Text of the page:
The Receiver Resistor:

It is much easier to measure a voltage than it is to measure a current. Therefore, many current loop circuits (such as the circuit in Figure 1) use a Receiver Resistor

(such as the circuit in Figure 1) use a Receiver Resistor resistor. The current flowing through

resistor. The current flowing through it produces a voltage that is easily istor, the voltage will be 1 VDC at 4 mA of loop current and 5 VDC at 20 mA of loop current. The most common Receiver Resistor in a 4-

will be 1 VDC at 4 mA of loop current and 5 VDC at 20 mA
will be 1 VDC at 4 mA of loop current and 5 VDC at 20 mA

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Field Instrumentation | GEN-02 (Rev 0) 5.6 Three Valve Manifold: A three-valve manifold is a device
Field Instrumentation | GEN-02 (Rev 0) 5.6 Three Valve Manifold: A three-valve manifold is a device

5.6 Three Valve Manifold:

A three-valve manifold is a device that is used to ensure that the capsule will not

be over-ranged. It also allows isolation of the transmitter from the process loop.

It consists of two block valves - high pressure and lowpressure block valve - and

an equalizing valve. Figure 1 shows a three valve manifold arrangement.

Field Instrumentation | GEN-02 (Rev 0)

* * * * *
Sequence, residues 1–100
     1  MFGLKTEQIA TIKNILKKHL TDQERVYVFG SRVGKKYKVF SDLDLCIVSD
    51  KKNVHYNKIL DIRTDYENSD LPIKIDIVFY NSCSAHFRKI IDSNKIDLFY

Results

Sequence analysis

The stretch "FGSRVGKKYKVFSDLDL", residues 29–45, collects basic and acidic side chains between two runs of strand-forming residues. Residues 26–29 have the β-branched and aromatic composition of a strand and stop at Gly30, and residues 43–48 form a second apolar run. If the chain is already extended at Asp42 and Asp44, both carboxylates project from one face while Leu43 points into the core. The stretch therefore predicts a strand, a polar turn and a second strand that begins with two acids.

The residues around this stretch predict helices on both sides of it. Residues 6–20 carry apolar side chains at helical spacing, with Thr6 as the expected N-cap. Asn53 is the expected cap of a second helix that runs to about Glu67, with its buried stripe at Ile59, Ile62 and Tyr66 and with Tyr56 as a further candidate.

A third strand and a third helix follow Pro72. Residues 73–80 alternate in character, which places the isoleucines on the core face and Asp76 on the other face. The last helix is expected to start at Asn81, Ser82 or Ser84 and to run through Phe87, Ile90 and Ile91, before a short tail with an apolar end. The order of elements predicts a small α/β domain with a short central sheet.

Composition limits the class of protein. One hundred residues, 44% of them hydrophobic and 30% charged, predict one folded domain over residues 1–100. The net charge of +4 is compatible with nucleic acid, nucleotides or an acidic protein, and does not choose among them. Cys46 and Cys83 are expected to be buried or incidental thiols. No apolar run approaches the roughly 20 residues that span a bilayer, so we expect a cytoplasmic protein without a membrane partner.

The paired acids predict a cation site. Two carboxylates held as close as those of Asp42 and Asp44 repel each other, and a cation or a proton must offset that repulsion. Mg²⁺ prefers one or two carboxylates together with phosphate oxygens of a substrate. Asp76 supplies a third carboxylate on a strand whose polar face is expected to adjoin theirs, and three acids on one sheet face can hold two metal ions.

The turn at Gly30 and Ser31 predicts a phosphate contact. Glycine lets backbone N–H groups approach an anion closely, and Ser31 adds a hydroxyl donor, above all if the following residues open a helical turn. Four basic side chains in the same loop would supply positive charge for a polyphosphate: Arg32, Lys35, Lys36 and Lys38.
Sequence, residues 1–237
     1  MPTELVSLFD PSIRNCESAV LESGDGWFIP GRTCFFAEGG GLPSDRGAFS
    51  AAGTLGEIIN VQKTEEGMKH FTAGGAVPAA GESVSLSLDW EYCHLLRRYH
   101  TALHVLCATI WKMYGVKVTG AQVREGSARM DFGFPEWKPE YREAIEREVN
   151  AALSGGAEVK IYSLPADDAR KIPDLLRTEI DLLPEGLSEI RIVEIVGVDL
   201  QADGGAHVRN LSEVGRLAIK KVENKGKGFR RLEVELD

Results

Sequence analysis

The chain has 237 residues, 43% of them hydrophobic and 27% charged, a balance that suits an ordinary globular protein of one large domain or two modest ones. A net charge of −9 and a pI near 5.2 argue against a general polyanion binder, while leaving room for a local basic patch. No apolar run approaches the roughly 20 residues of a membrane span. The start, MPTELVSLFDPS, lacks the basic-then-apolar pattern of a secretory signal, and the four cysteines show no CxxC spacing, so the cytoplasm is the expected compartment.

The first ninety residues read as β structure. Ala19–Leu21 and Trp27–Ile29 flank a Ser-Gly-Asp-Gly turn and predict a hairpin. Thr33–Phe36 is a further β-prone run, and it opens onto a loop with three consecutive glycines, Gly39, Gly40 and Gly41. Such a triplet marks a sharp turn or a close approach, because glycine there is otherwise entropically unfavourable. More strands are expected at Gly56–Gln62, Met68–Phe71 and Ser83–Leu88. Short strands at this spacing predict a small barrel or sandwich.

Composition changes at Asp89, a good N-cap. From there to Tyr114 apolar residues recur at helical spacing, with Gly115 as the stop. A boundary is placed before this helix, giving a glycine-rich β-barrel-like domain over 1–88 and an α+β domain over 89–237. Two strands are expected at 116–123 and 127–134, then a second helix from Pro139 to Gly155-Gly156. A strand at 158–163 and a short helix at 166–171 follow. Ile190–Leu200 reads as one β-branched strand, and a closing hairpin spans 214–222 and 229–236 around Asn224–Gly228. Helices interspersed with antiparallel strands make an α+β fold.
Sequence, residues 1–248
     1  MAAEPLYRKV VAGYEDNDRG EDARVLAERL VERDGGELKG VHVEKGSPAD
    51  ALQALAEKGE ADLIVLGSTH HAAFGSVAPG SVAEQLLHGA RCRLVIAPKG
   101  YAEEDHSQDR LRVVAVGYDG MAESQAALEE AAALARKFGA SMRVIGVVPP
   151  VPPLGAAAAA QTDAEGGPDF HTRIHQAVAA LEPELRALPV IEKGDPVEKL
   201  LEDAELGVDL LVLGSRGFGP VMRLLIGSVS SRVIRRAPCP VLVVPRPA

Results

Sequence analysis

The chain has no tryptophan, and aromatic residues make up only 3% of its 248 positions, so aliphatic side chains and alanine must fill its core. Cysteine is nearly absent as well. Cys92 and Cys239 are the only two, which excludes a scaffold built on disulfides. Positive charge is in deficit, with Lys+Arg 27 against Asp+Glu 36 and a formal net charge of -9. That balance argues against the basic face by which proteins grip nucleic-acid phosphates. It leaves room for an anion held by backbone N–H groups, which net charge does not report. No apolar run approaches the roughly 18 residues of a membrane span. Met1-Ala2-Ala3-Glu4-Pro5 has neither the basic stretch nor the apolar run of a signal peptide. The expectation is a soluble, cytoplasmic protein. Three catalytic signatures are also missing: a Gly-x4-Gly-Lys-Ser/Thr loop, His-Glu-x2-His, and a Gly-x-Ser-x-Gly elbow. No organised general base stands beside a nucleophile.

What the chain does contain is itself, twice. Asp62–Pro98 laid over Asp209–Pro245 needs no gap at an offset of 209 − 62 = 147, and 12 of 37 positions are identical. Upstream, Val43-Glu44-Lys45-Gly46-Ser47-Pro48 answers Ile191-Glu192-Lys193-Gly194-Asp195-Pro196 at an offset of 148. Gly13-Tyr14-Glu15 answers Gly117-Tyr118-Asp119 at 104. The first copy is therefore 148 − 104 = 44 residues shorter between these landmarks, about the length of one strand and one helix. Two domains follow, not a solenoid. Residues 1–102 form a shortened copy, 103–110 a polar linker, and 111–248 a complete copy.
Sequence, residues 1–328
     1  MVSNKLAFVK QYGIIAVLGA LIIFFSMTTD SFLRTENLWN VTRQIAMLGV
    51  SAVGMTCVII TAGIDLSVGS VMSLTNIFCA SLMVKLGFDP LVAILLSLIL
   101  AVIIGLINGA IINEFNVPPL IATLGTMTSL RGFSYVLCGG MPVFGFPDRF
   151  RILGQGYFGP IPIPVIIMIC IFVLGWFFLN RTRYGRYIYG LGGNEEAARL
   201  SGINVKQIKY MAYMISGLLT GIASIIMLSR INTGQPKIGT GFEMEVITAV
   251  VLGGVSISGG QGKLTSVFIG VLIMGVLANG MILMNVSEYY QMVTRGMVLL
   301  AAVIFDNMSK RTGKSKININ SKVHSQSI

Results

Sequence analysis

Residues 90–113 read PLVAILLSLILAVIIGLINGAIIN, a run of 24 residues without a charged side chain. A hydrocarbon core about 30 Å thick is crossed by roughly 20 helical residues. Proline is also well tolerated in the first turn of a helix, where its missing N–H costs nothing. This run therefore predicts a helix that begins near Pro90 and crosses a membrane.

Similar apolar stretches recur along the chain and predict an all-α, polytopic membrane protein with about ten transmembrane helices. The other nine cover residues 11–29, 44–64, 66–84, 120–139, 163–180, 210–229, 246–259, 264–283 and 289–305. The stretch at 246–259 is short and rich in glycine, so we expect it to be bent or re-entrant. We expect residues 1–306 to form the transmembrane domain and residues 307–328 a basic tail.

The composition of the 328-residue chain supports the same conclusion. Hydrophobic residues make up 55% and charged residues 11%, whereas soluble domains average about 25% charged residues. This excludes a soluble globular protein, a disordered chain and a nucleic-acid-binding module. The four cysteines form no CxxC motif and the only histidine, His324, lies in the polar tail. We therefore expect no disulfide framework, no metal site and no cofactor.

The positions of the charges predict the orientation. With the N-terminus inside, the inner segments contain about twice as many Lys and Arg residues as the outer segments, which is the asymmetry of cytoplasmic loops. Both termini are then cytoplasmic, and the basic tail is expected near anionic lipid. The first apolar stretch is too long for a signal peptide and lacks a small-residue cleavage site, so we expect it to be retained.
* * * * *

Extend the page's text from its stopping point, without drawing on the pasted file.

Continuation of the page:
Field Instrumentation | GEN-02 (Rev 0) During normal operation, the equalizing valve is closed and the
Field Instrumentation | GEN-02 (Rev 0) During normal operation, the equalizing valve is closed and the

During normal operation, the equalizing valve is closed and the two block valves are open. When the transmitter is put into or removed from service, the valves must be operated in such a manner that very high pressure is never applied to only one side of the DP capsule.

5.7

Operational

Manifold Valving Transmitter into Service:

Sequences

of

Three-Valve

To put a DP transmitter into service an operator would perform the following steps:

1. Check all valves closed.

2. Open the equalizing valve . this ensures that the same pressure will be applied

to both sides of the transmitter, i.e., zero differential pressure.

3. Open the High Pressure block valve slowly, check for leakage from both the

high pressure and low-pressure side of the transmitter.